Jim Weeber
Goshen, IN
12/20/2017 05:07 PM

  I remember about 1980 I was sweating myself to death on some labor intensive farm thing. My older Mennonite neighbor came over for something, looked at me and said; "Since before Christ when the Egyptians were pumping irrigation with the inclined plane via human power. Food has been raised with slave labor. It still is today!) Not far off guys. Don't think it will get a lot better. My 100 year dad died in January 17' and said he waited most of his life for it to get better. Never did really, though we do live better. He said the Korean "war" paid for the farm with high commodity prices and I would probably never see anything like it. So learn how to survive especially with all this grain now in bins normalizing prices at lower levels, preventing major spikes for the most part. Maybe for a long time. Stay away from the cheerleaders. Learn how to survive. Always a storm coming. Every farmer knows that is a fact. Farming has always been serious work for serious people. Merry Christmas.

Jim Weeber
Goshen, IN
12/7/2017 07:54 AM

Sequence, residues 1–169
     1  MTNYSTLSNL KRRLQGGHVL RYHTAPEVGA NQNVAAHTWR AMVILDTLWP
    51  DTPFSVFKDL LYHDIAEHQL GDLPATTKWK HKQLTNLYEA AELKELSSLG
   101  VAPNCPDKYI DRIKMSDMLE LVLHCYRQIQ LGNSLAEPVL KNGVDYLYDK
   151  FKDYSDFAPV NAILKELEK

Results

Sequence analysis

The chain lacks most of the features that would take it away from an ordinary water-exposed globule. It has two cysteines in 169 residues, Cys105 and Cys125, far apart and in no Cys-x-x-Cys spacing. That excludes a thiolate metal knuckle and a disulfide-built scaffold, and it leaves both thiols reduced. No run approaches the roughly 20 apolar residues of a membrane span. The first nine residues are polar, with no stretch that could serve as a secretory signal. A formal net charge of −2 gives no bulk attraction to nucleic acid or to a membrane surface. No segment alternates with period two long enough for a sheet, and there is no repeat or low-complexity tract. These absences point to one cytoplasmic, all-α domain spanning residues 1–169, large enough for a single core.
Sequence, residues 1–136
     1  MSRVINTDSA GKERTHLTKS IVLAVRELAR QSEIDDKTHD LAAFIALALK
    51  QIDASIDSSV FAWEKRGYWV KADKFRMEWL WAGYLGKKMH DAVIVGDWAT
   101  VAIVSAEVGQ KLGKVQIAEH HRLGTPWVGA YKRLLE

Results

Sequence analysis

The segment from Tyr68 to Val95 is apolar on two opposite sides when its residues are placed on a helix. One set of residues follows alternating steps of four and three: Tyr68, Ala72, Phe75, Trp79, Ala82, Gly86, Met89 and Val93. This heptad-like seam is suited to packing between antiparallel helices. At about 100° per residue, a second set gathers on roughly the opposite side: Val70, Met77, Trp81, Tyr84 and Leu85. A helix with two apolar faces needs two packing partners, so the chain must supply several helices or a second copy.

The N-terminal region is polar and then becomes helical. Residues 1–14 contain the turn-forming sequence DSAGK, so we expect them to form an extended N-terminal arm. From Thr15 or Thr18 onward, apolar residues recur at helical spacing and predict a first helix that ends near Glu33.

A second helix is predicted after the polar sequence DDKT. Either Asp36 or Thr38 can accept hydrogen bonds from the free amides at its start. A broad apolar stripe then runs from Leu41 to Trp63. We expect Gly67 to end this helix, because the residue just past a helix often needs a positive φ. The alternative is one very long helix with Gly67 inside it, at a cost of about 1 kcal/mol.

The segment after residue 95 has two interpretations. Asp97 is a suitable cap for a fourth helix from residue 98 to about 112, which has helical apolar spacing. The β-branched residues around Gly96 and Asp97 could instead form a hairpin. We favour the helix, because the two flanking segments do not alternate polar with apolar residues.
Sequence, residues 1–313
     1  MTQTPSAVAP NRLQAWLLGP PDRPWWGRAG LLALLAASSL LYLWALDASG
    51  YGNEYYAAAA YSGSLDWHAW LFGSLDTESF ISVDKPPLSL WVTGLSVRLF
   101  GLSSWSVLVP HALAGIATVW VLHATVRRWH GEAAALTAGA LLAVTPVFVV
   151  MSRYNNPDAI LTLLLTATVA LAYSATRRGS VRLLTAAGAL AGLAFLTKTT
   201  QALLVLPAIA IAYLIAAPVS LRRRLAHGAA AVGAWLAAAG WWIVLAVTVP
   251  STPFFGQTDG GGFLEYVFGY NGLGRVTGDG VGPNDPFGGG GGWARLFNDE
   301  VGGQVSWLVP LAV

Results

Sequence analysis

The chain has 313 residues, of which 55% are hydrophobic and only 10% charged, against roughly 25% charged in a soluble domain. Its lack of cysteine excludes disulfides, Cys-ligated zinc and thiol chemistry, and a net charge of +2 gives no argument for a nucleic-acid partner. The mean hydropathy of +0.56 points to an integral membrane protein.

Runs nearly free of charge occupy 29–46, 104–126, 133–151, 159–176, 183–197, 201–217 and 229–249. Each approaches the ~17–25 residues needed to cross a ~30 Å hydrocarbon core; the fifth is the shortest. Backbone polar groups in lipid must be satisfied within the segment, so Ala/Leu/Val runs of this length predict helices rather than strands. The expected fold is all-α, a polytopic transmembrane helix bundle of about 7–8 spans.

Technology has affected the number of people needed on farm operations significantly. Less people are required to get things done as agriculture embraces all the technology it thinks can be afforded. I think it has led to excessive production reducing commodity prices. Many of the farm magazines I receive push hi-tech so hard it disgusts and sickens me. In essence putting farmers against farmers for maximum lowest cost production. Not as much about raising a family on the farm as in the recent past. They are being pushed off more quickly than ever before. This while more nonfarm fingers dip into the agricultural pie deeper as time moves forward. The cost of employing a man continues to rise for all the reasons one may imagine. Three years ago a local global footprint mill manager told me if he pays a man $40K a year it costs $75,000 to employ him. Consequently hiring manpower or womanpower is avoided more than ever before. Especially with the health insurance difficulties now widespread across the nation. Lets not forget computer and machinery operation skills are more complex and require people prepared for the hi-tech environment. Eliminating less prepared employment candidates. Not much lower IQ work on the farm anymore. Where will it lead? I don't know. A local factory manager said he has been running out of "farm boys" for about a generation and it is a problem. Farms have historically been incubators for top drawer work ethic employees and achievers. Obviously there will be fewer in the future. So are we better off with all our true small family farm operations eliminated? Food production concentrated into fewer hands? Lenders with risk concentrated to fewer operations in the name of hi-tech efficiency? Less employment opportunity regardless of economic conditions? Maybe our agricultural people are being treated more like livestock too. Wasn't like this when I graduated from Purdue. Good luck everybody.